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A Look at Precious Metals Volatility in the Wake of Trump’s Win

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Market volatility

Overall market volatility rose following the election of Donald Trump as the 45th President of the United States. Investors were expecting the US dollar to tumble after his election, as there was little hope for economic rehabilitation. 

However, on the prospect of an economic stimulus, which could increase the inflation level and spur infrastructure spending, the dollar started rising.

Market volatility here is depicted by the CBOE Volatility Index (or VIX). Gold often moves in the same direction as volatility, as it’s famous as a haven asset. 

The graph above shows the relationship between gold and volatility. Increasing unrest and market changes have been driving gold. Gold rises during economic turbulence, as was evident after the Brexit vote and immediately after Trump’s victory.

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Metal volatility increased

A rise in volatility often becomes obvious during a major economic event. The volatilities of gold, silver, platinum, and palladium were 20.2%, 30.4%, 19.5%, and 48.4%, respectively, on November 14, 2016. Palladium’s volatility has been exponentially high over the past few days.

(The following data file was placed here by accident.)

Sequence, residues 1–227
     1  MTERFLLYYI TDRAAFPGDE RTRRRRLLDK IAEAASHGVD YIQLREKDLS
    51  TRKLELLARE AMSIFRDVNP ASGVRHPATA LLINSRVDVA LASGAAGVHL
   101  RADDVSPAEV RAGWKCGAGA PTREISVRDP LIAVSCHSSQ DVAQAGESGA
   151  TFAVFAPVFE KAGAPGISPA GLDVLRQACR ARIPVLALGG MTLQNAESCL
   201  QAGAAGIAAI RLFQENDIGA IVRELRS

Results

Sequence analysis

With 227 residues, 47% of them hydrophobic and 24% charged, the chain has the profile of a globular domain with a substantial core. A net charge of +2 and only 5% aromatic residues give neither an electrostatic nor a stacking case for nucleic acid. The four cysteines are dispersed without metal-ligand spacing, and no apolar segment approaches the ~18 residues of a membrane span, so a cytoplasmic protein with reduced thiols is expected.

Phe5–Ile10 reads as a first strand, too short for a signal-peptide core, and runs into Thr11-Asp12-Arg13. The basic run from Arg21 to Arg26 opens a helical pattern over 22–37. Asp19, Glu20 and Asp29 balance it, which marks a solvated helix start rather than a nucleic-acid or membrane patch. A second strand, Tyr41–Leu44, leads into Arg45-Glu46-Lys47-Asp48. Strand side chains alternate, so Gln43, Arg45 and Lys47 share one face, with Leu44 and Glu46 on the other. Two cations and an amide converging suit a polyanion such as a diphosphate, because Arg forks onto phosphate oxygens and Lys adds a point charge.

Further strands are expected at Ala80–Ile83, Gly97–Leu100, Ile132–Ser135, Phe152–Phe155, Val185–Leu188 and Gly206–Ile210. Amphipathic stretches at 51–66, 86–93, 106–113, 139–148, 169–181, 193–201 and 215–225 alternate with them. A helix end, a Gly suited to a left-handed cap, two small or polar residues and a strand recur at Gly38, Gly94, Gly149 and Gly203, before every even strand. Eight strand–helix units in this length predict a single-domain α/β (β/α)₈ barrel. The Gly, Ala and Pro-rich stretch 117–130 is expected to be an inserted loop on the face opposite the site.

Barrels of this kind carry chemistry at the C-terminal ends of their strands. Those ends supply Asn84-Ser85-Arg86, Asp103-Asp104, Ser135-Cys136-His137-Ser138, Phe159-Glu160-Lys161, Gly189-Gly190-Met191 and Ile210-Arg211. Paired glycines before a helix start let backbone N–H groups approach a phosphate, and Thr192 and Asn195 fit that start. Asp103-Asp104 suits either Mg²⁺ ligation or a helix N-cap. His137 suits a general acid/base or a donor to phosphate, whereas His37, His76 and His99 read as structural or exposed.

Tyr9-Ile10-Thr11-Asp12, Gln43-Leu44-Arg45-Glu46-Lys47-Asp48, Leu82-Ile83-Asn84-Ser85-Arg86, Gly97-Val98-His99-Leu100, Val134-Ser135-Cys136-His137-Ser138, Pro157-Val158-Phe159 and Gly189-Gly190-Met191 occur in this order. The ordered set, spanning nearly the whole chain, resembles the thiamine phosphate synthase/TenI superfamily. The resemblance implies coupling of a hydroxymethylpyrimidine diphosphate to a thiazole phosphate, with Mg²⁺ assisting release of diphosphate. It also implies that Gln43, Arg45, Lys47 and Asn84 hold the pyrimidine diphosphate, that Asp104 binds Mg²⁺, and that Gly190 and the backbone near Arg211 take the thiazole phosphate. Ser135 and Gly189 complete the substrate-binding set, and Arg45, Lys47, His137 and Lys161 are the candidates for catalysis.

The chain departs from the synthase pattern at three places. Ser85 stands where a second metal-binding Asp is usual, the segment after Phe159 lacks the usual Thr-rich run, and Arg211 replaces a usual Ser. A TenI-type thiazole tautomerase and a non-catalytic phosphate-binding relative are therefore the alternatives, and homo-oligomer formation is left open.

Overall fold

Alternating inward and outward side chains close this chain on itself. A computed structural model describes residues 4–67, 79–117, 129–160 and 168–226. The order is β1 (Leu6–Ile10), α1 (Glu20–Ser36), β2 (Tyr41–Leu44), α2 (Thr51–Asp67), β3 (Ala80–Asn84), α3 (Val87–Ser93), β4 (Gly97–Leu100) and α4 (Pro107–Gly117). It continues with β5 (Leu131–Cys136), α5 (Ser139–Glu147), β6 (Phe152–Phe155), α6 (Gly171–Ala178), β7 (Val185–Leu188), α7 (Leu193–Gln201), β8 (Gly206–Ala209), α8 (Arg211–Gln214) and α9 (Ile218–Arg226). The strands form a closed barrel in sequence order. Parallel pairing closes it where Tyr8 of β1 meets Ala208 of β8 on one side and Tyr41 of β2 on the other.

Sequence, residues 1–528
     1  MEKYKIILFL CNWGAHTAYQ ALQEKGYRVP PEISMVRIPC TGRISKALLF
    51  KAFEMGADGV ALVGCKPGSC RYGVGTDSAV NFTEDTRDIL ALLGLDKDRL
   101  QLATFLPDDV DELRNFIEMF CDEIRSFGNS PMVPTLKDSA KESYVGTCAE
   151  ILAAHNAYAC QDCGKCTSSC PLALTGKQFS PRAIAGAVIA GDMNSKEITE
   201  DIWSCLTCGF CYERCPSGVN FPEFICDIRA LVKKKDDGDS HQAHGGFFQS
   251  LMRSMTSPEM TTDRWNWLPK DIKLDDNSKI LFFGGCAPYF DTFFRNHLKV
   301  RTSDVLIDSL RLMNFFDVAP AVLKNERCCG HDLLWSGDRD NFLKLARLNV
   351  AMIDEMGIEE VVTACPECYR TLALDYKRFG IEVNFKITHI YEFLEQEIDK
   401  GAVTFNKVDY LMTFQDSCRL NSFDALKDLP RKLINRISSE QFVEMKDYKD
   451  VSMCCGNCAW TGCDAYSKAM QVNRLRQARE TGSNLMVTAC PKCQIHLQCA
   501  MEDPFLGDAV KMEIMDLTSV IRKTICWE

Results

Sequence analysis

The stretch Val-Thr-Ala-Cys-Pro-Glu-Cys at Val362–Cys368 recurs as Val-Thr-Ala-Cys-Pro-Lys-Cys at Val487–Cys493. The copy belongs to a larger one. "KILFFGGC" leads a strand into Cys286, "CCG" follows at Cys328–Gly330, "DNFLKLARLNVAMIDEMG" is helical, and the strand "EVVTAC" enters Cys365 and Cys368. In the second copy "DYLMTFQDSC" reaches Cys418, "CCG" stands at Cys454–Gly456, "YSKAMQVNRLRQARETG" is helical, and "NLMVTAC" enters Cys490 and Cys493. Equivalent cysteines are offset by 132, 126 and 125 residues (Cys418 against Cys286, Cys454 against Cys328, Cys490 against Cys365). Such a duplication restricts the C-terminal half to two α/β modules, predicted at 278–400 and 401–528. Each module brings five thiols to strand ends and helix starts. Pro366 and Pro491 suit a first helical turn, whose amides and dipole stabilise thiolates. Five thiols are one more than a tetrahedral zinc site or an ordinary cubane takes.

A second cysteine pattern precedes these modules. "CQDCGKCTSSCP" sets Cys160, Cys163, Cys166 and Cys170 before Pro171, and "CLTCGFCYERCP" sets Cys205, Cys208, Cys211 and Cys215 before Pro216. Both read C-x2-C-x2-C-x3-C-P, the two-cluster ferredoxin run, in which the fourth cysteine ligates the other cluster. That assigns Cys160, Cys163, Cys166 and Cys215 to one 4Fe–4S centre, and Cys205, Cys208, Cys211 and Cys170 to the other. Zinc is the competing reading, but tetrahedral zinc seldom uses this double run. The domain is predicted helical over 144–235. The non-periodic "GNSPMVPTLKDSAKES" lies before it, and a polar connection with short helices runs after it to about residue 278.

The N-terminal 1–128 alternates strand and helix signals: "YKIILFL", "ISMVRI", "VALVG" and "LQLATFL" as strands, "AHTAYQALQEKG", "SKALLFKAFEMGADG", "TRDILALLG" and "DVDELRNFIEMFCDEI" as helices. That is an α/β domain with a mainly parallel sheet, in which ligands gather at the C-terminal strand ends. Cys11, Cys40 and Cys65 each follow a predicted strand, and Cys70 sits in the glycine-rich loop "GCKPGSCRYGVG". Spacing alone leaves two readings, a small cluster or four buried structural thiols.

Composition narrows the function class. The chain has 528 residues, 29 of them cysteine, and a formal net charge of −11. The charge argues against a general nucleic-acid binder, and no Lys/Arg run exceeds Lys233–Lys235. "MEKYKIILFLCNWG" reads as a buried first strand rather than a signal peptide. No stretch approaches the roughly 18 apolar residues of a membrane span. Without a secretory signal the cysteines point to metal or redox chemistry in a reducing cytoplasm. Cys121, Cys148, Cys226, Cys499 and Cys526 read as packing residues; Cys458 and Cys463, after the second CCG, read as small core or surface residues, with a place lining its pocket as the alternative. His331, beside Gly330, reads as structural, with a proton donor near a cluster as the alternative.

Funds and miners

Most investors in the market were hedging risk, and only volatility saw a surge. The initial rally in gold boosted gold- and silver-based funds such as the iShares Gold Trust ETF (IAU) and the iShares Silver Trust ETF (SLV). However, the funds witnessed sharp falls in their returns right after precious metals gave up the rally. IAU and SLV have trailing-30-day falls of 2.2% and 2.8%, respectively.

Mining companies such as Buenaventura (BVN), AngloGold Ashanti (AU), Harmony Gold (HMY), and Aurico Gold (AUQ) are among the companies that fell alongside precious metals on November 14. These four stocks fell 2.4%, 0.26%, 1.1%, and 2.8%, respectively.

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